There historical female military leaders are here to kick butt and chew bubble gum, and they're all out of bubble gum.
Batman Producer Michael Uslan On Ben Affleck And Controversial Comic Book Movie Casting
by Jill Pantozzi | 11:45 am, February 10th, 2014
Michael Uslan grew up on Batman and after being disappointed with his debut on the small screen in the 60s, he made it his goal to bring a better Batman to life. He acquired the film rights in 1979 but it took him ten years to make his dream come true with 1989′s Batman. Since then, he’s produced every Batman film and has some perspective to share as it pertains to controversial casting decisions.
In an interview with EP Daily, Uslan discussed what Ben Affleck’s casting means to him:
We went through it all with Michael Keaton. I lead the charge from the first time I heard Tim (Burton) was thinking of hiring Michael Keaton to play Batman. I’d go, ‘Oh my god, all the work, I’ve put in all these years to do a dark and serious Batman, he’s going to hire a comedian!’ I could envision the posters: ‘Mr. Mom is Batman,’ but then he explained his vision, he had a vision, and he was right. This is all about Bruce Wayne, it’s not about Batman, it’s all about Bruce Wayne. If you’re trying to do a serious, dark superhero, people have to believe in Bruce Wayne as that obsessed driven guy, to the point maybe of almost being psychotic. A guy who would get dressed up as a bat and do what he did. So we went through the hoopla with Michael Keaton. The fans were the same reaction that I had initially, except I had the benefit of hearing a vision right away. Then when they actually went to see the movie they never wanted to anyone else to play Batman, never.
And then he brought up the modern-day Christopher Nolan films, where the controversy wasn’t about who would play Batman, but the Joker.
A number of years go by, and then all of a sudden the torches and the pitchforks go up, ‘oh my god, the guy that played the gay cowboy is going to be The Joker? They’re going to destroy the greatest super villain in history. And then after Heath Ledger’s performance, when they actually went to see it, nobody ever wanted The Joker played by another actor again. So here we are, with an academy award winning filmmaker. You look at his last bunch of movies, Hollywoodland he had me convinced he was George Reeves. The Town, Argo, just really, really great quality of work. Again, I’ll go back to what Tim said in the beginning, it’s all about Bruce Wayne, and when you focus on it, Bruce Wayne, maybe in his mid-forties, what’s he going to be feeling? What’s he going to be thinking? What does he have on his plate to deal with? I just couldn’t be more excited about it.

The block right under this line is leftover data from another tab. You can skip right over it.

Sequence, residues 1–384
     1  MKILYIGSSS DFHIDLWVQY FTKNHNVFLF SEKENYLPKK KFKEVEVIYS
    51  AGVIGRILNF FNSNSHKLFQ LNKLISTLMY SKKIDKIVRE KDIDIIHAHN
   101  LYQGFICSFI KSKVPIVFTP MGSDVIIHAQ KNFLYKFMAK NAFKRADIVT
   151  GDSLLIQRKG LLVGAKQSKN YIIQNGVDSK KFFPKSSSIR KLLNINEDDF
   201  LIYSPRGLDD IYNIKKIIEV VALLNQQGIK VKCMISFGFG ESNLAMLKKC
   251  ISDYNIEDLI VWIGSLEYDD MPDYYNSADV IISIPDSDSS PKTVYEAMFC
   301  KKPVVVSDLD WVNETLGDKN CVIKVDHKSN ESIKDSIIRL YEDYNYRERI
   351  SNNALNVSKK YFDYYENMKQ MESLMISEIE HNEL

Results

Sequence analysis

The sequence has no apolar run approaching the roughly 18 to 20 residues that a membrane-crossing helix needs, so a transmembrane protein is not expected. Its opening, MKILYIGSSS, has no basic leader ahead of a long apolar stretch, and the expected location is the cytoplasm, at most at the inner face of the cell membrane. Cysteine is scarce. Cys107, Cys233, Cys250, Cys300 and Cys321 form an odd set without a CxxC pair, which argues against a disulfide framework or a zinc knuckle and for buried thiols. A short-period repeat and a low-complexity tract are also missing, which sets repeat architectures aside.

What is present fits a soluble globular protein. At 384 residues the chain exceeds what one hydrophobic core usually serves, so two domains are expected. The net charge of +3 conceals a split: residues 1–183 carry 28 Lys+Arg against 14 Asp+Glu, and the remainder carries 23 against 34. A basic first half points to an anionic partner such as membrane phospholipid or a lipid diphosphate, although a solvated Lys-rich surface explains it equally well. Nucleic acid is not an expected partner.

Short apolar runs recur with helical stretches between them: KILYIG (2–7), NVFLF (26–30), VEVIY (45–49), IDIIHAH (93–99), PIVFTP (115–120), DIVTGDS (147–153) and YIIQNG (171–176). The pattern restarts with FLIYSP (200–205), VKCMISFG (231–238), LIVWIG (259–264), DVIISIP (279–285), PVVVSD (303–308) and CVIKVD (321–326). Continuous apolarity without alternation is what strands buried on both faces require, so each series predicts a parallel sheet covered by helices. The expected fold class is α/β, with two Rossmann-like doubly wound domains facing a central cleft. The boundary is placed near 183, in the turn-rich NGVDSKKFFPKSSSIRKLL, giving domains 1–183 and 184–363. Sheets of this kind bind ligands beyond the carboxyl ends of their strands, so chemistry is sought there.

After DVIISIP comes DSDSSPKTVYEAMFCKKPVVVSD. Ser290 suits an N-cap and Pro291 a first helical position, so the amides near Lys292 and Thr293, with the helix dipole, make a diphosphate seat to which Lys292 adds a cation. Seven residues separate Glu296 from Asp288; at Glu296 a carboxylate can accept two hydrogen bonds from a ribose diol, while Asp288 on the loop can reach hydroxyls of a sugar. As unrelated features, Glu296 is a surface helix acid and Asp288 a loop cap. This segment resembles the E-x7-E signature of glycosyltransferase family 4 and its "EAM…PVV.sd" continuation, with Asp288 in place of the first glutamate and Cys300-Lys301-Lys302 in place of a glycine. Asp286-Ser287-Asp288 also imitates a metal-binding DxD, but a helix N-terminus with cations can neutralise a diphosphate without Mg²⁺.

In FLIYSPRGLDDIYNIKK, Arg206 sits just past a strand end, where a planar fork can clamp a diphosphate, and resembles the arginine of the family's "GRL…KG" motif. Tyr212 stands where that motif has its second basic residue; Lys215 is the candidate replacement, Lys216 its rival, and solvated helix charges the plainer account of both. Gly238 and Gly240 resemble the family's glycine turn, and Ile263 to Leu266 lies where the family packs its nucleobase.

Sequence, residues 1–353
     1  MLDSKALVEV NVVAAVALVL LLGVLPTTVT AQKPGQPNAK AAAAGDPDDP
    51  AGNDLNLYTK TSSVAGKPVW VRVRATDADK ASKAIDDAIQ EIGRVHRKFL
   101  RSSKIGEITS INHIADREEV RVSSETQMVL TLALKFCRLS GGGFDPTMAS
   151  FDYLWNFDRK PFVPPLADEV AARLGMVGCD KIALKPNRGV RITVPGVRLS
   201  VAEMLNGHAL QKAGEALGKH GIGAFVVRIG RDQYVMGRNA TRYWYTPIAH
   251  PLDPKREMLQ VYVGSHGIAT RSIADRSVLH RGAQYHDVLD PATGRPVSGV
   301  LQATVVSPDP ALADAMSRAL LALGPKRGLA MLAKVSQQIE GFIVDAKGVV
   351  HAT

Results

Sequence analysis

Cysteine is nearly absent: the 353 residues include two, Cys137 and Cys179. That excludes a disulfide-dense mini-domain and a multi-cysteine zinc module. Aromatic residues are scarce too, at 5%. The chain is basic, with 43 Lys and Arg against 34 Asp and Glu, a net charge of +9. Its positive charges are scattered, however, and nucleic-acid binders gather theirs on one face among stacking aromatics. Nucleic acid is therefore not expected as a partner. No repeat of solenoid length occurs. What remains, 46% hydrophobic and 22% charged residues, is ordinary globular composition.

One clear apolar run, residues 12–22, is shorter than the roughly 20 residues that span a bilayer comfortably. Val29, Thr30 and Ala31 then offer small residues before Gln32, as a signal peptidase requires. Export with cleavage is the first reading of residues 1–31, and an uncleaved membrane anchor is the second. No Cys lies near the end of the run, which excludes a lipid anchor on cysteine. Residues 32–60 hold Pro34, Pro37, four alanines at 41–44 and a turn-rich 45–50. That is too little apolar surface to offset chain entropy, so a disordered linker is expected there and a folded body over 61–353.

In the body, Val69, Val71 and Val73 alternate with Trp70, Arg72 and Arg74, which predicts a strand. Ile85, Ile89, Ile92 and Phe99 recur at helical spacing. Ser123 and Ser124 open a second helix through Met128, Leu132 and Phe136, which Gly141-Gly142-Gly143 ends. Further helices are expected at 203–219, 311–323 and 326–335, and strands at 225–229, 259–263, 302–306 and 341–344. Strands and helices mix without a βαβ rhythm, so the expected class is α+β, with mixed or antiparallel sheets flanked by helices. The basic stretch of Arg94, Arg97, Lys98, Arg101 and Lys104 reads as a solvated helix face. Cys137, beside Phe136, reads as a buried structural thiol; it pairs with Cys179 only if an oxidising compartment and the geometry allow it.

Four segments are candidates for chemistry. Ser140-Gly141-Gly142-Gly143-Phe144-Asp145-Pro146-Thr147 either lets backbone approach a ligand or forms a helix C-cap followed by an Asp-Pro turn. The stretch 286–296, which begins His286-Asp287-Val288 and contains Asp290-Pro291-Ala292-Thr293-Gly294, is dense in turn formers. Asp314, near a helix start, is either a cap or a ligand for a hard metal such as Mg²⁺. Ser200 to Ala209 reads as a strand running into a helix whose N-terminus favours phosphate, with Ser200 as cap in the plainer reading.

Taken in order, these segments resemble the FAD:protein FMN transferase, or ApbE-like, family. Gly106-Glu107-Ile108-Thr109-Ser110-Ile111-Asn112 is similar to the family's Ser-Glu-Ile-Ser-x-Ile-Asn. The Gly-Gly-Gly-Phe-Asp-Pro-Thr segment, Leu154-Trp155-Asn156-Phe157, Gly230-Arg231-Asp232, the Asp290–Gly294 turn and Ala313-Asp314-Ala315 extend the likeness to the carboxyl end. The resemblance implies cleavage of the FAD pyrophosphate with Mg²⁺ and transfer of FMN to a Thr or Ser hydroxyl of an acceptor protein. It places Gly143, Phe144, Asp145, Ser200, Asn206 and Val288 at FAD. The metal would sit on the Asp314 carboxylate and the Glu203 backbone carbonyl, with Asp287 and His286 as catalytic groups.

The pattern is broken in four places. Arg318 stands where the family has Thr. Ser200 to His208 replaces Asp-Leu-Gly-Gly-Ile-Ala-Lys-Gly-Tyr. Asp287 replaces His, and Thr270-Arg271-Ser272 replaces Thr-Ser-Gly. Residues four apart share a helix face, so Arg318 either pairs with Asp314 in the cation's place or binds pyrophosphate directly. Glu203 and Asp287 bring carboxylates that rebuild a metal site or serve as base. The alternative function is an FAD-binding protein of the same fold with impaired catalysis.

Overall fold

I think Uslan hits it on the head with his comment about having the benefit of hearing the vision. We can complain all we want about casting but until we actually know what they’re going for and see the film, we have no idea if it will actually work. And while some like to throw out the Keaton/Ledger examples of controversial casting that worked every single time someone cries foul, there’s plenty that didn’t, and not for a lack of vision. So it’s always a toss-up.
In other Bat-news, over the weekend we learned the next actor set to play James Gordon. Southland star Ben McKenzie will lead the cast of Fox’s upcoming Gotham TV series.